Hilleary: Let's bring it back around to the meetings going on in Washington this week. Hosni Mubarak is here to help mediate and put pressure on the Palestinians. What kind of pressure does this put President Obama under vis-à-vis Egypt?
Ottaway: I think Obama's looking to President Mubarak and King Abdullah of Jordan to make it possible for the Palestinian leader, Mahmoud Abbas, to make the kind of concessions he's likely to have to make in order to get an agreement. So I think that's the meaning of Mubarak's presence here, as well as the Jordanian King.
Hilleary: What is President Mubarak looking for in return? Or is he?
Ottaway: I think he's looking for and getting less pressure from the United States for the kind of democratic process we would like to see unfold in Egypt and which President Bush had really made a big issue in our relationship with Egypt.
Hilleary: You pointed out in your most recent article, The Arab Tomorrow, which is in the Winter 2010 edition of the Wilson Quarterly, that in pushing for democracy, the United States didn't necessarily get what it wanted.
Ottaway: It certainly didn't, and Mubarak, in fact, refused to come to visit Bush here in Washington throughout the second term of the Bush Administration because he was so mad over the pressure that Bush was putting on him.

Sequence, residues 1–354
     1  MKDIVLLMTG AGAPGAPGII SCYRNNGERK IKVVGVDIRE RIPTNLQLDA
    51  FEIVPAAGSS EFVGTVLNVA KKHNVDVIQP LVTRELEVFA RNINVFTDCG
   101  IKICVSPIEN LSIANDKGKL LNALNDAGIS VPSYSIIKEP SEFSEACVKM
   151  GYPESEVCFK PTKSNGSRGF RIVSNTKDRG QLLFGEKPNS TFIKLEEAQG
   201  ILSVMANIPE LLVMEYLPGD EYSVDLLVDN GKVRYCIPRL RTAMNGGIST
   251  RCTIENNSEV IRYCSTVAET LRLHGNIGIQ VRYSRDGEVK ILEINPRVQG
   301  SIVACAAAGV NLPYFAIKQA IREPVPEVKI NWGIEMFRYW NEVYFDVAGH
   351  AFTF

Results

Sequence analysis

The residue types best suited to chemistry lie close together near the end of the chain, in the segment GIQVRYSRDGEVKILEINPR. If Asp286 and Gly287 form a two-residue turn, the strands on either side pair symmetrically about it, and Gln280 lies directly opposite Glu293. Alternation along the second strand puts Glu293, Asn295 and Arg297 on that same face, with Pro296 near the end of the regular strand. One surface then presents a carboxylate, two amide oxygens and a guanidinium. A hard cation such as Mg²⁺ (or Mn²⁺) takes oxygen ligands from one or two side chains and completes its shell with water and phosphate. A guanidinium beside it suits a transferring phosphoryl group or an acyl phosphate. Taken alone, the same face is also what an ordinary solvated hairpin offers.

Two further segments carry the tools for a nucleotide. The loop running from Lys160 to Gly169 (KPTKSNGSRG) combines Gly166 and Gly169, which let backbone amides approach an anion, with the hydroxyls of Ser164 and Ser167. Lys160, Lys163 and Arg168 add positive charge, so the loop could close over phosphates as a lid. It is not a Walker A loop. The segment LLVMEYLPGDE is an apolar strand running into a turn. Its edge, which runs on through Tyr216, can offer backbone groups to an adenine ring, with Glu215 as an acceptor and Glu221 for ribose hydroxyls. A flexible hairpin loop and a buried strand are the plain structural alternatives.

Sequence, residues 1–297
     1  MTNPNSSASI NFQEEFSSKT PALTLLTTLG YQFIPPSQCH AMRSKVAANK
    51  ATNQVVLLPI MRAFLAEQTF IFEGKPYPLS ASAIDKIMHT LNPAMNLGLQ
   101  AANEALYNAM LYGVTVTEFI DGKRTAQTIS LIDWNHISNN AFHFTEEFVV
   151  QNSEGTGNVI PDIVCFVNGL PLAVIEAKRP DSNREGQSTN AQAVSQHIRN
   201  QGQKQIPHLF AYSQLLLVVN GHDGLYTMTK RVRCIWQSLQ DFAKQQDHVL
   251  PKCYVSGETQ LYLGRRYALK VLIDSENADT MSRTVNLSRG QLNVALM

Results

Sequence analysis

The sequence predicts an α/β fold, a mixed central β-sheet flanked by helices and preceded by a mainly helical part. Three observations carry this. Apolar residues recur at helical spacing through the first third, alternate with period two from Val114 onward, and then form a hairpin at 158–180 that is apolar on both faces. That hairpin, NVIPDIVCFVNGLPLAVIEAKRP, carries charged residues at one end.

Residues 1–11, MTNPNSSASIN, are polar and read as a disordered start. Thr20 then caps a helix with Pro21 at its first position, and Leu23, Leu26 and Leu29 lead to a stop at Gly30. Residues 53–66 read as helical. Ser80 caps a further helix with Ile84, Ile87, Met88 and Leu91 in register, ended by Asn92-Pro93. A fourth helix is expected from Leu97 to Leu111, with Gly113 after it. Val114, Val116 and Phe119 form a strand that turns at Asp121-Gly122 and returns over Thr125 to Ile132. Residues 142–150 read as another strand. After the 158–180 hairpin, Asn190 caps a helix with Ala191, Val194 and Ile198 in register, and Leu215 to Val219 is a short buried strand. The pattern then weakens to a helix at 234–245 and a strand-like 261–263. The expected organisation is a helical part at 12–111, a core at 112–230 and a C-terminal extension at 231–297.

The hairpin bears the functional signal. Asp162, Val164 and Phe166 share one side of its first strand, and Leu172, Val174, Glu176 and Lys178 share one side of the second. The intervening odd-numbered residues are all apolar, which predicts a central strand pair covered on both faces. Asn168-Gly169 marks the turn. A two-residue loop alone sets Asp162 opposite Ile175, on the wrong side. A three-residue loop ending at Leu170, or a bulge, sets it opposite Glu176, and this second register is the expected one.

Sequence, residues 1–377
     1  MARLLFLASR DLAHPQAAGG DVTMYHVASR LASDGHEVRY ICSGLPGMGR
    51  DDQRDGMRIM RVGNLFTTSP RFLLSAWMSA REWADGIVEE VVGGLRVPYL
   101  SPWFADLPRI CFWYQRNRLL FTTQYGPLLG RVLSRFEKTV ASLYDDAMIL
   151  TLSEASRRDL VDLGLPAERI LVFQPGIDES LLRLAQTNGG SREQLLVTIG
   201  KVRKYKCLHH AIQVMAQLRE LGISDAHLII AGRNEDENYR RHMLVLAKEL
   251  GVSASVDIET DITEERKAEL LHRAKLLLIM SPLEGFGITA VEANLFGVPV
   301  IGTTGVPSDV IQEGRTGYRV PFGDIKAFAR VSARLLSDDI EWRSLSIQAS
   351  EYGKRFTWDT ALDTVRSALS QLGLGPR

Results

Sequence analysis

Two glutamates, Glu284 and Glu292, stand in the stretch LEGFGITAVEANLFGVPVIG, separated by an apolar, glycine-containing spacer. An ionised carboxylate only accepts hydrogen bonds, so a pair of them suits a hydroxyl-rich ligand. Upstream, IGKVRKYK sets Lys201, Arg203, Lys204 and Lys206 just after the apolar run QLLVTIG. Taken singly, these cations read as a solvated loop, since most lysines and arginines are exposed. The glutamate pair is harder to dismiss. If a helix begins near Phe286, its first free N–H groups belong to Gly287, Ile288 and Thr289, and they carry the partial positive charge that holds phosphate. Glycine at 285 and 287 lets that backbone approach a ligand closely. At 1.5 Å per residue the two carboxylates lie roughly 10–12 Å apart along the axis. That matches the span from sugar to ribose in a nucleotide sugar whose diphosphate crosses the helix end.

Hilleary: So do you believe that this was a lesson carried over into the Obama Administration?
Ottaway: I do. I think Obama has decided that pushing that hard for democracy in Saudi Arabia and Egypt particularly was just counterproductive, particularly if he wanted Mubarak's support for a difficult peace process solution.
Hilleary: So your ultimate prediction? Will the U.S. put any more pressure will the U.S. get involved in the Egyptian elections?
Ottaway: Well, I think it depends on how the Egyptian government deals with Mohamed ElBaradei. If they use the heavy-handed tactics that they used on some of the other contenders for power in the 2005 election, I would think Obama would have to speak out in opposition and criticism. I think one of the most interesting things to watch is how the Mubarak government deals with Mohamed Elbaradei, who at this point is trying to get a million people to sign a petition that would change the constitution so that he could run for the presidency in 2011.
Otherwise, I think that with this coming year, particularly when Mubarak is crucial to trying to get some agreement on Palestinian issue[s], that Obama will not say or do much to criticize President Mubarak.